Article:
Ubisoft Boss Suspects We’re Ready For “Always Online” Consoles

Yannis Mallat, aside from having an awesome name, is Ubisoft Montreal’s CEO. He’s been talking to The Guardian about the company’s approach to the next generation of home consoles and when asked about the “always online” issue, he deflected briefly before asserting that he believes that users are ready for it.

I would say that a lot of people are already always online through other devices – I would suspect that the audience is ready.

This is quite possibly true. I’ve got devices specifically for streaming content through a broadband connection to watch on my TV. My smartphone is always connecting to the internet to retrieve my email and my laptop hasn’t even got a switch to turn the WiFi off.


But sometimes there’s no internet connection available and almost all of my devices (with the exception of something like AppleTV – specifically designed for streaming) still work to perform their main task while offline.

All of the above is anecdotal and specific to me, of course, but I don’t think I’m a particularly odd case (in this instance, at least!). The idea that an internet connection might be required for every new game I want to play is worrying, considering the debacle that was the SimCity launch (which is the context of the question put to Mallat).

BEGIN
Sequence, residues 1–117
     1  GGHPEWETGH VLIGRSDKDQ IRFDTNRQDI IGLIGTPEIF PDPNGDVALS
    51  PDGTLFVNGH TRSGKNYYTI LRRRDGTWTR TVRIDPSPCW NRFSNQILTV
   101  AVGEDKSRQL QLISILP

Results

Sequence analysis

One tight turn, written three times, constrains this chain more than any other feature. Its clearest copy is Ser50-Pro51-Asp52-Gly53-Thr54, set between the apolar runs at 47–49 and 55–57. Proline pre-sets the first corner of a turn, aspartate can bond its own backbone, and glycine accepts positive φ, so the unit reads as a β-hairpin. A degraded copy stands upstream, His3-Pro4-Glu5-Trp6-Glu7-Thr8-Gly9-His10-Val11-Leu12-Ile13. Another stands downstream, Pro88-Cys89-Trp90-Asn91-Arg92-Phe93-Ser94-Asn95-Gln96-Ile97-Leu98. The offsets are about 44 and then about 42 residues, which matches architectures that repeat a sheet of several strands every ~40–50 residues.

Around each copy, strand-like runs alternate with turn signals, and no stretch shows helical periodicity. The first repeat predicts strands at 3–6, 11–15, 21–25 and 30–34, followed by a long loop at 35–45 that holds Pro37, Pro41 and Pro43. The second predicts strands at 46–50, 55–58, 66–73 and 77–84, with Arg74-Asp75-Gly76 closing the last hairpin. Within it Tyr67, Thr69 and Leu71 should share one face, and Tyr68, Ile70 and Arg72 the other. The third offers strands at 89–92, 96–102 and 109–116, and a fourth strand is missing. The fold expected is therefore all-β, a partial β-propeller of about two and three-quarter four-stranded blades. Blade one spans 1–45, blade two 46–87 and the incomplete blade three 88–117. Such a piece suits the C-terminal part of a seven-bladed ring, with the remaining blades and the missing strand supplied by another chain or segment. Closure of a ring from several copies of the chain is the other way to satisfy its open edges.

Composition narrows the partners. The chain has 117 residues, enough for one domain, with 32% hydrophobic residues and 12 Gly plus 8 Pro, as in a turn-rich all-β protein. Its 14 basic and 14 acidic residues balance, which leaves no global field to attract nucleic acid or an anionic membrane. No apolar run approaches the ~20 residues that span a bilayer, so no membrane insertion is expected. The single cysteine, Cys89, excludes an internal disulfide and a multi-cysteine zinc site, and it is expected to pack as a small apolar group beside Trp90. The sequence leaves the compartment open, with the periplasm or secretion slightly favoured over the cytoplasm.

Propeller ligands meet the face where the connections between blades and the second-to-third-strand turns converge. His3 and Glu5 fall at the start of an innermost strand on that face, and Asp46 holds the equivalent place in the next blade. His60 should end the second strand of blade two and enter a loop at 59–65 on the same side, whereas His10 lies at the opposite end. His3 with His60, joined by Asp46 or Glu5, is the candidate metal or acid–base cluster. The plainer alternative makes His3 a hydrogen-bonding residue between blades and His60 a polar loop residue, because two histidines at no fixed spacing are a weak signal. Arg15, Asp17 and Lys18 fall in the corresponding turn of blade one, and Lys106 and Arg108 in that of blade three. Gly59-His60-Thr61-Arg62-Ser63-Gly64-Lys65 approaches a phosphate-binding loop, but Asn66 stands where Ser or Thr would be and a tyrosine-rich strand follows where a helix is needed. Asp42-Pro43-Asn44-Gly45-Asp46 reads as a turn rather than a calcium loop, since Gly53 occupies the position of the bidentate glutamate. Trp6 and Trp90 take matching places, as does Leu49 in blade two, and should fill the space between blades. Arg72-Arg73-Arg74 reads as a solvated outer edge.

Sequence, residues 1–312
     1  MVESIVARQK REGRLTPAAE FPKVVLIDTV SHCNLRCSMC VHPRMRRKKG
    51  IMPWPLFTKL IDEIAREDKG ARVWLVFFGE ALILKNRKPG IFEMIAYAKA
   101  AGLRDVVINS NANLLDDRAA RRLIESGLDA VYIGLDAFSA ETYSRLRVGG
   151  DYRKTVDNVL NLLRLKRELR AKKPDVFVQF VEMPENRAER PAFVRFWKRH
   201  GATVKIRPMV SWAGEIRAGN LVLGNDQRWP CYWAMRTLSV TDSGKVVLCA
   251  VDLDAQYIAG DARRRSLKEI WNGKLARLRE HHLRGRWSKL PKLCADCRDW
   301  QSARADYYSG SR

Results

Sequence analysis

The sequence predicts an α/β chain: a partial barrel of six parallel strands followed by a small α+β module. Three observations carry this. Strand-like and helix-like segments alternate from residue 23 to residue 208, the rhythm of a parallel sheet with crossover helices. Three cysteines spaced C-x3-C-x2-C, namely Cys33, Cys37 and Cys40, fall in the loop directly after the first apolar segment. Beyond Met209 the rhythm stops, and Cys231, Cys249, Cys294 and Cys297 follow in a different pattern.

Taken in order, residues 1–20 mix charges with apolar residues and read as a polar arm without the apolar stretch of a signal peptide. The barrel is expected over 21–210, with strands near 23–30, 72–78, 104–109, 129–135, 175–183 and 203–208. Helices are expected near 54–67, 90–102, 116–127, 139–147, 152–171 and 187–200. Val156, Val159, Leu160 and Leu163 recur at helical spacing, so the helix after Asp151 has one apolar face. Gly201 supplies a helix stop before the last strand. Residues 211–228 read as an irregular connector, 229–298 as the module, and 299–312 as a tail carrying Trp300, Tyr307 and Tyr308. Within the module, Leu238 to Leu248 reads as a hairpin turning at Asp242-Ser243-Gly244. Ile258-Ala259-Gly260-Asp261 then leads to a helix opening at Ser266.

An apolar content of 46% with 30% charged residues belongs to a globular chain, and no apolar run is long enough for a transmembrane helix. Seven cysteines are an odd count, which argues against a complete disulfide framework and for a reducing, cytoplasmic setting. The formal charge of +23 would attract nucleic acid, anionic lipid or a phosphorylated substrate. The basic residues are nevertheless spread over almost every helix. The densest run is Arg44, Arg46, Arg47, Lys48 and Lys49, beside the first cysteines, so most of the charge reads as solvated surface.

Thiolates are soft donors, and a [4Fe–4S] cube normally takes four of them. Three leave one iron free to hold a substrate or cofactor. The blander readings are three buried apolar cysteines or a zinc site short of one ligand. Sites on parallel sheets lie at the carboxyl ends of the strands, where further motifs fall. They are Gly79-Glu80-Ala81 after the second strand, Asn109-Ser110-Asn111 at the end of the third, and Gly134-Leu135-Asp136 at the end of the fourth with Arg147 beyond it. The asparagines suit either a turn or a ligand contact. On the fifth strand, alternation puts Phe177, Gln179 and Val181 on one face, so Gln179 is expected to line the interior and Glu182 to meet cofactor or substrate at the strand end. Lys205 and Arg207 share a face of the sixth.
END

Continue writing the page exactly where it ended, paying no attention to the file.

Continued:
I don’t want to have to struggle through authentication servers for a week after every new release – I want to play great single player experiences without announcing my presence to the world.

Of course, with pirates stealing unreleased Ubisoft games just last week, you can hardly blame the company for encouraging a more tightly controlled platform. PC gamers might remember Ubisoft’s last dalliance with constant required internet connections for DRM, though, and how badly that was received.



  1. Because having that DRM worked so well for your PC games. Oh wait… We are not ready for always online consoles. If the connection goes down, we are left with an expensive brick. If the servers go down, we are left with an expensive brick. If the publisher decides to shut down access to a game, we are very annoyed. And so forth. Stop treating consumers like crap and actually treat them decently. You may see a lot of sales as a result.

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